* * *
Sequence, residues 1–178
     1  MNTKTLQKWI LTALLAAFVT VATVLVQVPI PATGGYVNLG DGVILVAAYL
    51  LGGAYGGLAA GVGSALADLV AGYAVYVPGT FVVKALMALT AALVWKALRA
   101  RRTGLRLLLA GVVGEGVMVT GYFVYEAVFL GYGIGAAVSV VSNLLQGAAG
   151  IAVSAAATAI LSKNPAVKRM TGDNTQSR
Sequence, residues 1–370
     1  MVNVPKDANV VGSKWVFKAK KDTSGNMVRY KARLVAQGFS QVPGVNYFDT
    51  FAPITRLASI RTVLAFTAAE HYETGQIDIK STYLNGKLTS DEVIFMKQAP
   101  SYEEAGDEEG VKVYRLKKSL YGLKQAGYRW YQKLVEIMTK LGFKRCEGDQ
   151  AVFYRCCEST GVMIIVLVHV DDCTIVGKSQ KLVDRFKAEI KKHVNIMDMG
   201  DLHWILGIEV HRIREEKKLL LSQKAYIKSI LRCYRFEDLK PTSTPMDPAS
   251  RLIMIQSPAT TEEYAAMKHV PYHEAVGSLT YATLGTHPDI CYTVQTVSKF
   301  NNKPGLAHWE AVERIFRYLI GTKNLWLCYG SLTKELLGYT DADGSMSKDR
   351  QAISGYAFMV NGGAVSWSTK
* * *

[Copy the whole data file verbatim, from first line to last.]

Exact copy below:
Sequence, residues 1–178
     1  MNTKTLQKWI LTALLAAFVT VATVLVQVPI PATGGYVNLG DGVILVAAYL
    51  LGGAYGGLAA GVGSALADLV AGYAVYVPGT FVVKALMALT AALVWKALRA
   101  RRTGLRLLLA GVVGEGVMVT GYFVYEAVFL GYGIGAAVSV VSNLLQGAAG
   151  IAVSAAATAI LSKNPAVKRM TGDNTQSR
Sequence, residues 1–370
     1  MVNVPKDANV VGSKWVFKAK KDTSGNMVRY KARLVAQGFS QVPGVNYFDT
    51  FAPITRLASI RTVLAFTAAE HYETGQIDIK STYLNGKLTS DEVIFMKQAP
   101  SYEEAGDEEG VKVYRLKKSL YGLKQAGYRW YQKLVEIMTK LGFKRCEGDQ
   151  AVFYRCCEST GVMIIVLVHV DDCTIVGKSQ KLVDRFKAEI KKHVNIMDMG
   201  DLHWILGIEV HRIREEKKLL LSQKAYIKSI LRCYRFEDLK PTSTPMDPAS
   251  RLIMIQSPAT TEEYAAMKHV PYHEAVGSLT YATLGTHPDI CYTVQTVSKF
   301  NNKPGLAHWE AVERIFRYLI GTKNLWLCYG SLTKELLGYT DADGSMSKDR
   351  QAISGYAFMV NGGAVSWSTK